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PMNS(5) 										  PMNS(5)

       pmns - the performance metrics name space


       When  using  the  Performance Metrics Programming Interface (PMAPI) of the Performance Co-
       Pilot (PCP), performance metrics are identified by an external name in a  hierarchic  Per-
       formance  Metrics  Name	Space  (PMNS), and an internal identifier, the Performance Metric
       Identifier (PMID).

       A PMNS specifies the association between a metric's name and its PMID.

       A PMNS is defined on one or more ASCII source files.

       Loading of a PMNS is done by calling pmLoadNameSpace(3) or pmLoadASCIINameSpace(3).

       By default duplicate PMIDs are not allowed in the PMNS,	although  pmLoadASCIINameSpace(3)
       provides  an alternative interface with user-defined control over the processing of dupli-
       cate PMIDs in the PMNS.	The external format for a PMNS conforms to the syntax and  seman-
       tics described in the following sections.

       There  is one default PMNS in the files below $PCP_VAR_DIR/pmns, although users and appli-
       cation developers are free to create and use alternate PMNS's.  For an  example	of  this,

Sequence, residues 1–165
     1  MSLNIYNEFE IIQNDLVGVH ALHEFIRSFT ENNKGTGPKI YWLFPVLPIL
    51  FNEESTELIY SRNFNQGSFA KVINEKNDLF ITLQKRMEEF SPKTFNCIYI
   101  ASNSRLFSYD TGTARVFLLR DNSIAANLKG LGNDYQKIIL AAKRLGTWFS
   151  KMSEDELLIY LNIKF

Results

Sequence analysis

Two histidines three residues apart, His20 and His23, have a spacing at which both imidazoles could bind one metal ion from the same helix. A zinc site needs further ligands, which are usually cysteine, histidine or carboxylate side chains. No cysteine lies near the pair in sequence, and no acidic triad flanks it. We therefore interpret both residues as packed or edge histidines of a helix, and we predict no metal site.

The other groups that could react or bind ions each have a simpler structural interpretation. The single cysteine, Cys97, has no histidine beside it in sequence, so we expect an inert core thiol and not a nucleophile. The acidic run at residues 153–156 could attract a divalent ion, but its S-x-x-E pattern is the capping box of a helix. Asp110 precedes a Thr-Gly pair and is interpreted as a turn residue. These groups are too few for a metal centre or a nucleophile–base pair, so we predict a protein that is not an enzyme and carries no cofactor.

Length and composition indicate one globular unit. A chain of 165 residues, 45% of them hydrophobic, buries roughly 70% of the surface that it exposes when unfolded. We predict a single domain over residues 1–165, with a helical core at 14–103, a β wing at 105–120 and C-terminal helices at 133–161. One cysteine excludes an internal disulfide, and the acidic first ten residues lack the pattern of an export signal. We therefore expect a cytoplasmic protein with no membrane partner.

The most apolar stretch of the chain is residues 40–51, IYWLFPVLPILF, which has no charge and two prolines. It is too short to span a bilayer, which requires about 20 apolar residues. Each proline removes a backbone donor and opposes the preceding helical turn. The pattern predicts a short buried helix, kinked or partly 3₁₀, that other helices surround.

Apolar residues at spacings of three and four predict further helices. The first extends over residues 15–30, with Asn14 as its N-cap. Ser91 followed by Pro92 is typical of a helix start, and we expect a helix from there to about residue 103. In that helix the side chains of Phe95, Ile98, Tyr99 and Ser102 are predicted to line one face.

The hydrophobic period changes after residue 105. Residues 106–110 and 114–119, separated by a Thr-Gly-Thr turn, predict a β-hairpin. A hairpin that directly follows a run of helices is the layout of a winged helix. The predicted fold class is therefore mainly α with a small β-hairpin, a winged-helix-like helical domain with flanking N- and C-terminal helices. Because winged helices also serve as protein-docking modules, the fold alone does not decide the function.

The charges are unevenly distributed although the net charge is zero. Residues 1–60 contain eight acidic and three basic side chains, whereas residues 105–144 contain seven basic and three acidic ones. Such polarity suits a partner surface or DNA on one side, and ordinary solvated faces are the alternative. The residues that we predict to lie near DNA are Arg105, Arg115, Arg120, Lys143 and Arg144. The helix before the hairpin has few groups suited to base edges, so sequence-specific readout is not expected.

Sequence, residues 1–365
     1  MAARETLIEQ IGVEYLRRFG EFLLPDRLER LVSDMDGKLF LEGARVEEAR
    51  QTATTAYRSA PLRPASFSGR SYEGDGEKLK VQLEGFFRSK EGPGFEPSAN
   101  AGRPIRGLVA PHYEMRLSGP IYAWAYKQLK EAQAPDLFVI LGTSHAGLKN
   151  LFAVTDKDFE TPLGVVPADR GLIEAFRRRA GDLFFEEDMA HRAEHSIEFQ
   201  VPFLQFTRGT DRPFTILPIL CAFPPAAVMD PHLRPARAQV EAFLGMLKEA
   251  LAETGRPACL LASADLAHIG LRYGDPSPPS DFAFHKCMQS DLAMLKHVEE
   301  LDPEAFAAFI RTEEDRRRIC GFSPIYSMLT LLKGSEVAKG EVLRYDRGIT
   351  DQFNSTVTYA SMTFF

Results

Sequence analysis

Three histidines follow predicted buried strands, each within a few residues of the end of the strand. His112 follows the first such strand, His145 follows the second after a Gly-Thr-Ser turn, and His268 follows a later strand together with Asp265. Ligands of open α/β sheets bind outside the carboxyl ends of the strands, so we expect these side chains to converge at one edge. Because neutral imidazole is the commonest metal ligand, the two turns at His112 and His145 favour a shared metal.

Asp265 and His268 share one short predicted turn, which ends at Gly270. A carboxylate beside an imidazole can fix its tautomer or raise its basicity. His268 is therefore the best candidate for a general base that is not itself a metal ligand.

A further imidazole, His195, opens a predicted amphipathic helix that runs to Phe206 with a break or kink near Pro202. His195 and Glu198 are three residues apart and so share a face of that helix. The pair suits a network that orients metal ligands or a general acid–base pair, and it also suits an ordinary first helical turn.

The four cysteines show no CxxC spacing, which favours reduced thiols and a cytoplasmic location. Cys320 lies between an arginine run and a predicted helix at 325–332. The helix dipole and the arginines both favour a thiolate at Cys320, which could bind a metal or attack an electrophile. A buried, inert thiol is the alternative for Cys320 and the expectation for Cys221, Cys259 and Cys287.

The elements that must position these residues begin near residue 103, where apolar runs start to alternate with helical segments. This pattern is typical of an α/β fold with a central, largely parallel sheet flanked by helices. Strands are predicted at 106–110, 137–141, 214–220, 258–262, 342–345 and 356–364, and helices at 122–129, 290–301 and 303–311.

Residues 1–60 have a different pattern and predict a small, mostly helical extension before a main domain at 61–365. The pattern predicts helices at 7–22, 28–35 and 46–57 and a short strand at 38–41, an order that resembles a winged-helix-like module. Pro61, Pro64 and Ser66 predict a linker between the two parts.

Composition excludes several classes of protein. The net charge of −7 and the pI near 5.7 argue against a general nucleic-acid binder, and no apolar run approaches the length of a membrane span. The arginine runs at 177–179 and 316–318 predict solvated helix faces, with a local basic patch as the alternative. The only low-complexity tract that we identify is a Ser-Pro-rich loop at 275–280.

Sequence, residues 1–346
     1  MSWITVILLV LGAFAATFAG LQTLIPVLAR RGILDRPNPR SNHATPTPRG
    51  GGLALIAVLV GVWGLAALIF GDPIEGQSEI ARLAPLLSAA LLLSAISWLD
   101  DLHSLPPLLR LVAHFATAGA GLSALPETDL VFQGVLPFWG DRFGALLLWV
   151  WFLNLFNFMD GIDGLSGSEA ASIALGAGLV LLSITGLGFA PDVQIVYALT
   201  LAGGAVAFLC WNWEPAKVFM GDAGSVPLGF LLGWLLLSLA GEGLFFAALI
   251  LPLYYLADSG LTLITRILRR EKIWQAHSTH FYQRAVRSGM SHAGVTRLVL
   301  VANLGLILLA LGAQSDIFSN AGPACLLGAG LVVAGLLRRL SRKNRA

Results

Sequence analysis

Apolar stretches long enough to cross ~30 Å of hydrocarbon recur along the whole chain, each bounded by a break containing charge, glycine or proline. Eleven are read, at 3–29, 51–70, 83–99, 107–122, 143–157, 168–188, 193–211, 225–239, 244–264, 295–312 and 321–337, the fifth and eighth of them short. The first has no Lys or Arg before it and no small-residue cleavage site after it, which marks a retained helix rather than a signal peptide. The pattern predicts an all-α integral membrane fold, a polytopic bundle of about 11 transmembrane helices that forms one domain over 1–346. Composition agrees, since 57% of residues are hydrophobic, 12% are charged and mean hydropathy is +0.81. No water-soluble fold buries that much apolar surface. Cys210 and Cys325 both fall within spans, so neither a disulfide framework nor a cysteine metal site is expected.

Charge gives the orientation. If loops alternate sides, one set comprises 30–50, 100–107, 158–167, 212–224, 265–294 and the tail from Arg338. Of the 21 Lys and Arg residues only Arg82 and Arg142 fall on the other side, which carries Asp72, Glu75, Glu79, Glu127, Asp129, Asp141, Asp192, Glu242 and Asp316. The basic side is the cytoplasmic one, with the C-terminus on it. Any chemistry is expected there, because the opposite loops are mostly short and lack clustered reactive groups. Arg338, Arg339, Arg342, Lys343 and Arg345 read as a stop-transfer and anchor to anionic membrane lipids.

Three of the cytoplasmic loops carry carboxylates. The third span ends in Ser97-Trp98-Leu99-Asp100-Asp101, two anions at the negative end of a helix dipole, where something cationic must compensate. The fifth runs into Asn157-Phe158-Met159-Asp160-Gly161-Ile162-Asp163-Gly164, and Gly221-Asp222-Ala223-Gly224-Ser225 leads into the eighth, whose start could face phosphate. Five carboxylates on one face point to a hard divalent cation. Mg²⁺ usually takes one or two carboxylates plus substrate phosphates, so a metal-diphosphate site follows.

see the PCP Tutorial in $PCP_DEMOS_DIR/Tutorial.

       Although  an  application can call pmLoadNameSpace(3), normally this is only done directly
       for the -n command line option where an explicit root PMNS file is specified.   Since  PCP
       version 2 uses a distributed PMNS (see below), an application can extract PMNS information
       from a host's PMCD or an archive.  If the PMNS source is a version 1 archive  (see  PCPIn-
       tro(1)), however, then the local PMNS will be loaded using the path specified by the envi-
       ronment variable PMNS_DEFAULT.

       In PCP version 1, the PMNS functions in the API all operated on a PMNS loaded locally from
       a file. Since PCP version 2, however, PMNS functions may get the PMNS information remotely
       from a PMCD or directly from the meta data of an archive.